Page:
I’ll start by reposting the pictures again of the work done on the tridents for the project.
The trees have been removed from the pots and the roots cut back. The trees sit and soak in a bucket of water with B-1 in it and this way each tree will not dry out while I prepare all five trees.
I am going to use the 18 x 6 inch colander for this project. This hold about two thirds of a cubic foot of soil.
For all of you out there wondering what happened to the Growstone, here it is. This project will be grown out in 100 percent Growstone. This is a synthetic recycled glass product very similer to pumice. I like the size and the irregular shape. I feel that with the colanders increased air and the increased airflow in the medium, I should get super hard growth all year. Couple that with hard fertilizing and plenty of water and I should hope to see some layering taking place by fall.
The whole thing planted out in the growstone. The tree in the middle had the most interesting shape, the lowest buds to cut back to after it fuses and the largest trunk. This will be the tree I keep after all is done down below. It is important to keep a low bud for the middle tree since I will probably need to chop this at some point due to the rank growth it will do thru the year.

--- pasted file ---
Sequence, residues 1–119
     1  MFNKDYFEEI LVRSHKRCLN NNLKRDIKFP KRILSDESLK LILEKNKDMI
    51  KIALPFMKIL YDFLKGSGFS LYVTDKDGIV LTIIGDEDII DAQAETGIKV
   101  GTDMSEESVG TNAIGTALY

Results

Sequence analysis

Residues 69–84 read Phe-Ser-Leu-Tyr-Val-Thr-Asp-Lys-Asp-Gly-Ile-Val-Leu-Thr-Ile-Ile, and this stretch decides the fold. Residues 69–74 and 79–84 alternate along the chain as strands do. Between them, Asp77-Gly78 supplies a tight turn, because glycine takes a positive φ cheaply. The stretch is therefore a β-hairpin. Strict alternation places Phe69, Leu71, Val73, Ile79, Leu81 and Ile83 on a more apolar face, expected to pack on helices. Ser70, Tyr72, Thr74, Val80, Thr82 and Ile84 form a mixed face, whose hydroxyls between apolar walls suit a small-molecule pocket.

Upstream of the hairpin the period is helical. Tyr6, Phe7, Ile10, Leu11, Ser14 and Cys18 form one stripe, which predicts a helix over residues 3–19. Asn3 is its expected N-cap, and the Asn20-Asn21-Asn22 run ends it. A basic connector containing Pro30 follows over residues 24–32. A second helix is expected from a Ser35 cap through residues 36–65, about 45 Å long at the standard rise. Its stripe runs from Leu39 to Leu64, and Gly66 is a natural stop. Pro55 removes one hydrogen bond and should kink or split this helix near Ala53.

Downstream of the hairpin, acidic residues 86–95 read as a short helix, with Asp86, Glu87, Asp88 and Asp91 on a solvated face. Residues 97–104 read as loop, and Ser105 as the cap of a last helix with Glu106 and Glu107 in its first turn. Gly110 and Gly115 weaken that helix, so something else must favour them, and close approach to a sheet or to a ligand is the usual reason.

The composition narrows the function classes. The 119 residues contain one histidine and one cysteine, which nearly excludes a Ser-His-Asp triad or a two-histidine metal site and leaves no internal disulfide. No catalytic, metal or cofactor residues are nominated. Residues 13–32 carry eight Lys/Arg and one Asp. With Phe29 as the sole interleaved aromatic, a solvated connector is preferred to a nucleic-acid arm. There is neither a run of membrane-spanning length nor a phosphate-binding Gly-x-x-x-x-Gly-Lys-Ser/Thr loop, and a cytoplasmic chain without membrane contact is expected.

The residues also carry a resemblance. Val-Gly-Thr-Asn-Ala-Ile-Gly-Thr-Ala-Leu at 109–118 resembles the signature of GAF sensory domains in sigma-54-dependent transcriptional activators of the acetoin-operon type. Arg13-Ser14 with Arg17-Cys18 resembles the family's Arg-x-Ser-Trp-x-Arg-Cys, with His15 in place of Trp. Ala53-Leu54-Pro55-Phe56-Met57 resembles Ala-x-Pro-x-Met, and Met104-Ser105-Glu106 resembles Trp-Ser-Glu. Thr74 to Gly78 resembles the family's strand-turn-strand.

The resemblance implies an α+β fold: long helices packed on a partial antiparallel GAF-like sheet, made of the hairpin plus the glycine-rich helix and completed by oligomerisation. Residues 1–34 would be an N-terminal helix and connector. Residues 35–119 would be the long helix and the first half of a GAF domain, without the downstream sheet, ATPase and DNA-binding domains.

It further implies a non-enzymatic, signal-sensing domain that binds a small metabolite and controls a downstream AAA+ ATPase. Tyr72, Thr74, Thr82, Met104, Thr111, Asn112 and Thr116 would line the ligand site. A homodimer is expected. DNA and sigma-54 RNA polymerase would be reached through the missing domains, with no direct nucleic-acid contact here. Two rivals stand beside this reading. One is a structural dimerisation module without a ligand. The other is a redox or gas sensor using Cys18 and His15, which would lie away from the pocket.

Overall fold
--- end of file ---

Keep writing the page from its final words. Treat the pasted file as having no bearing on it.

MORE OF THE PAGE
I covered the entire surface with long fibered moss since the product is light and I don’t want to displace it while watering. This is the moss dry.
And this is the surface after watering. Now all I have to do is wait and see how it grows.
I recieved a comment about what I am trying to accomplish here with a photo or drawing. This is a simple drawing showing the process over a few years. The trees will continue to grow and spread over the plate and then will grow onto one another to fuse at the base. As the base increases in size, the four outer trunks will be chopped away leaving the large base to heal and grow even larger.
Well Sunday after the swapmeet I was able to get my seeds in for this year. I bought seed from a different company and hopefully the germination rate will be better. I planted 400 seeds this time, and I plant on making more of the tridents under screen this time. This year I have a new idea which I will share when ready and plan on keeping the seedlings confined much longer than this year. Recently on a discussion forum post I saw some trident all twisted up on growing cascade style from a stone. I will try to introduce a yamadori style method to these tridents and see what I get. Many of these will also be grown in a clump so that they intertwine and graft together to make a larger trunk sooner.
This year rather than grow these in turface and sand I decided to grow these in Black Gold brand cactus soil. It is a blend of pine bark and pumice about 50/50. The bark is pretty coarse and I am sure it would work as bonsai soil also. Pretty easy to get at any home depot.
It should be an interesting year all around.